In the United States, gastric cancer is rapidly fatal with a 25% 5-year survival. Of the few patients who survive, little is known about their demographic, clinical, and tumor characteristics.Data regarding all cases of gastric and gastroesophageal junction (GEJ) adenocarcinoma diagnosed in California between 1988 and 2005 were obtained from the California Cancer Registry, a member of the National Cancer Institute's Surveillance, Epidemiology, and End Results (SEER) program. A Cox proportional hazards model was constructed to understand the independent relationships of patient demographic, disease, and treatment factors with survival.We identified 47,647 patients diagnosed with gastric or GEJ cancer. Of those, only 9,325 (20%) survived at least 3 years. Variables associated with longer survival were localized stage (hazard ratio [HR], 0.20), surgery with diagnosis in 2002 or later (HR, 0.34), surgery with diagnosis in 2001 or before (0.37), regional stage (HR, 0.53), chemotherapy (HR, 0.56), intestinal histology (HR, 0.74), well- or moderately differentiated tumors (HR, 0.76), radiation (HR, 0.80), Asian/Pacific Islander race (HR, 0.81), treatment at an academic hospital (HR, 0.85), fundus/body/antrum location (HR, 0.90), highest socioeconomic status quintile (HR, 0.91), female sex (HR, 0.92), Hispanic race (HR, 0.92), and hospital size more than 150 beds (HR, 0.94). Kaplan-Meier curves showed longer median disease-specific survival (DSS) in patients with tumors originating in the fundus/body/antrum compared with esophagus/cardia (13.4 v 10.8 months). Intestinal histology had significantly longer median DSS (28.9 months) compared with other (11.0 months) or diffuse (10.1 months) histology.Patients who survive gastric and GEJ cancer more than 3 years after diagnosis have demographic and pathologic characteristics distinct from those who do not survive.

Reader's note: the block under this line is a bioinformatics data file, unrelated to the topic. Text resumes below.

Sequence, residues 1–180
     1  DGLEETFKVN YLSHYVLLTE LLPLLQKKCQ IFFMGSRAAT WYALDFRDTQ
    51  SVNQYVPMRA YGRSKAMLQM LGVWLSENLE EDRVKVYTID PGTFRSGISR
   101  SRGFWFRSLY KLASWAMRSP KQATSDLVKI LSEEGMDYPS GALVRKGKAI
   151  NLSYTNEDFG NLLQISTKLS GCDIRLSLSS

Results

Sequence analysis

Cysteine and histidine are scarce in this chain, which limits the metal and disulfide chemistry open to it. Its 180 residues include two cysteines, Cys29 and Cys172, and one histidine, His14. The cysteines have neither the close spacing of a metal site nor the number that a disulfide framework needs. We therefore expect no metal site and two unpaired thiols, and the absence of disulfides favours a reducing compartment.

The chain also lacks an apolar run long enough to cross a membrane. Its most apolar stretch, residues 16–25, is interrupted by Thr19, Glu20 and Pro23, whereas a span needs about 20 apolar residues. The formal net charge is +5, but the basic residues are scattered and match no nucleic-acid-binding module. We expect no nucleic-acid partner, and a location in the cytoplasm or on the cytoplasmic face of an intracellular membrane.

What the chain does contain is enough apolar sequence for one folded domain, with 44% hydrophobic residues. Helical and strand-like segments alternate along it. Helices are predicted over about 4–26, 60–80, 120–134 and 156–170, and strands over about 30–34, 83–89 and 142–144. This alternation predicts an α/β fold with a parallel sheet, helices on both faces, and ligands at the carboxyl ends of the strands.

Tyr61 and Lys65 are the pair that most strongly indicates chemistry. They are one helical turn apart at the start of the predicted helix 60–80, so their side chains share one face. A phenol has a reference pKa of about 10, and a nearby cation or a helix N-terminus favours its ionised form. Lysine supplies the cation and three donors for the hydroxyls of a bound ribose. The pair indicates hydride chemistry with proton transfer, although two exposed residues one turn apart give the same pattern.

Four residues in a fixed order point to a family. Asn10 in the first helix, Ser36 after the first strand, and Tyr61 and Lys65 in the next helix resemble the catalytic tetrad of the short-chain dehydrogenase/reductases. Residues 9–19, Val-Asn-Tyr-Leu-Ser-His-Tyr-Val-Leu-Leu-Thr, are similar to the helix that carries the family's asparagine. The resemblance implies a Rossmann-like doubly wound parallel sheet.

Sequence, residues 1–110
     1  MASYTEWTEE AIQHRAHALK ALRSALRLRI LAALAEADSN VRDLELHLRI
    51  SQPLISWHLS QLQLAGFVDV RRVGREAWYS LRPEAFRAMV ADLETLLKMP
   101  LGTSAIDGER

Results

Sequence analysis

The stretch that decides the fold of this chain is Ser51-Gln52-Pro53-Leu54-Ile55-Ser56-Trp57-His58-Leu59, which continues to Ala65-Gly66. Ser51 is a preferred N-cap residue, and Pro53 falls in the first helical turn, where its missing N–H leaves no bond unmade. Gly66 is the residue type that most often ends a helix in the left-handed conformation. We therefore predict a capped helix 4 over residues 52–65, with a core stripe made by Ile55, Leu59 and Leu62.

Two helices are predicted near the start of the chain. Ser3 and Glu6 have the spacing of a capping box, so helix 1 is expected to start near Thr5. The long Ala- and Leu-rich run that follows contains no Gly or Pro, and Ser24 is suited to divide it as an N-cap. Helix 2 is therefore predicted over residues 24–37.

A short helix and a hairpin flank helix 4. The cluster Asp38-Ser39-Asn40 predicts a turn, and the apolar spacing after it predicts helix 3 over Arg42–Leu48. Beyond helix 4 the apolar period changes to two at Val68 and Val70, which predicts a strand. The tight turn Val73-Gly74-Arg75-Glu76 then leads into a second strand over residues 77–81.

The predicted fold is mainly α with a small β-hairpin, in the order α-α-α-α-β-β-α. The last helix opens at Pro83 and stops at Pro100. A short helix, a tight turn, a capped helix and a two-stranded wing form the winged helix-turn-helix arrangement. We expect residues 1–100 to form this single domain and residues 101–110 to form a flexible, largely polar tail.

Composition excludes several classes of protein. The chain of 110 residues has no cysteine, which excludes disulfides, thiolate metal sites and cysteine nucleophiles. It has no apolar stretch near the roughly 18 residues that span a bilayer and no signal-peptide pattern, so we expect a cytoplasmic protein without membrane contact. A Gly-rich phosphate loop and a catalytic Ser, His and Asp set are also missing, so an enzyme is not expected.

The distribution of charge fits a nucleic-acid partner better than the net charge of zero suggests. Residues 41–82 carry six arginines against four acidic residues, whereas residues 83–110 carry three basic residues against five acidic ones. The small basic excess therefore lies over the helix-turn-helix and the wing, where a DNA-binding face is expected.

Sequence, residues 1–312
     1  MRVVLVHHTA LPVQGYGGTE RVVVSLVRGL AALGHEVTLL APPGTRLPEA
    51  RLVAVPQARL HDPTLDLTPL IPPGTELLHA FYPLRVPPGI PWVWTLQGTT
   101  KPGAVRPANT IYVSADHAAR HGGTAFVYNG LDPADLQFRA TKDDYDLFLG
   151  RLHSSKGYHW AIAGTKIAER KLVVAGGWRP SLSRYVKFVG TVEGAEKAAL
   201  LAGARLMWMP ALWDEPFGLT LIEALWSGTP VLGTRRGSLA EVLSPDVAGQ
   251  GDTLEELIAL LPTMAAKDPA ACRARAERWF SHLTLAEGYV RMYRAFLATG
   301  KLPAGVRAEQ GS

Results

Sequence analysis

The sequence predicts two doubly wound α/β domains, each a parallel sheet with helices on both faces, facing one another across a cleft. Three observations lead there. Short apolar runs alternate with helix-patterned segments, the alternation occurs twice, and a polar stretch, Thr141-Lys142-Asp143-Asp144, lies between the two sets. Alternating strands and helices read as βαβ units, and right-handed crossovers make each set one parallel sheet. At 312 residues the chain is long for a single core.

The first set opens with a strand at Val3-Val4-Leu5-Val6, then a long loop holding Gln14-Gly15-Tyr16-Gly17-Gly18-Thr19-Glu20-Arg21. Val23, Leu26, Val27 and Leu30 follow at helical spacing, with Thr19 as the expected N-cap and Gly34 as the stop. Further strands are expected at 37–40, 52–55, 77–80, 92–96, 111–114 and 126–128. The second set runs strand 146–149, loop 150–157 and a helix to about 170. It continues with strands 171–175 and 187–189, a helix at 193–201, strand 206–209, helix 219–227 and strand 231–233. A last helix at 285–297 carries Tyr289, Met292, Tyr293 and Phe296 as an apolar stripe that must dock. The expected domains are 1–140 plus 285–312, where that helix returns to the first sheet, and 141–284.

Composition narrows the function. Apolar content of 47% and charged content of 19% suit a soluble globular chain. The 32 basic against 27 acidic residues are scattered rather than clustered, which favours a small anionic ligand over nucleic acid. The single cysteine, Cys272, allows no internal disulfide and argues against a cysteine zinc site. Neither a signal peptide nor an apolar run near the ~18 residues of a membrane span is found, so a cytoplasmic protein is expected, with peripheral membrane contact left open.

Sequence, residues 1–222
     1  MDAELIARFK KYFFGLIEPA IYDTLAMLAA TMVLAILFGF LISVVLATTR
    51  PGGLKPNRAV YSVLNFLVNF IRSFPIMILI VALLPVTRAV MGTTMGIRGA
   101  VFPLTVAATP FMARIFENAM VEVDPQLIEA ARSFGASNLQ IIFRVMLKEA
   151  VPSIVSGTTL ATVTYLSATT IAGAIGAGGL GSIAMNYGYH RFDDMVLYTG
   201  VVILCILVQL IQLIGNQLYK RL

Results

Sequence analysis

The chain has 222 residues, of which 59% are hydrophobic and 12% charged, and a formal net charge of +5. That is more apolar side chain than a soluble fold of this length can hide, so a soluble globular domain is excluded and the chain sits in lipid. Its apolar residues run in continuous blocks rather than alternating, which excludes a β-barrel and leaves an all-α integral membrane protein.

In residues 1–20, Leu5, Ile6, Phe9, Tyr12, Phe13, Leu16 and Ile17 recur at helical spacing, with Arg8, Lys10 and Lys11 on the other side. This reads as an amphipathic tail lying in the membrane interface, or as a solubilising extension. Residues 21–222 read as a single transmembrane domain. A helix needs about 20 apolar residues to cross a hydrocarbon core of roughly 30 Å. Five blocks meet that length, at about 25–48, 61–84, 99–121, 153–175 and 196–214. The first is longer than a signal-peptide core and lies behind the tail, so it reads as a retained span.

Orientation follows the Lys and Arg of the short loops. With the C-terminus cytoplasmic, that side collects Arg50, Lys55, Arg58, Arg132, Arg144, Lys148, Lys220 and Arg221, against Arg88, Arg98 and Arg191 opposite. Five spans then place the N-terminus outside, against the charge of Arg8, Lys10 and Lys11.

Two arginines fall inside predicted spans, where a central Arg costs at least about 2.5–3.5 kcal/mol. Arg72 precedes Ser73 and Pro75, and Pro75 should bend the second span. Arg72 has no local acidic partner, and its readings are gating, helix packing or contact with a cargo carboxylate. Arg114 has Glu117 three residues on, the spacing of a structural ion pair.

View details for DOI 10.1200/JCO.2011.35.8028
View details for PubMedID 22949151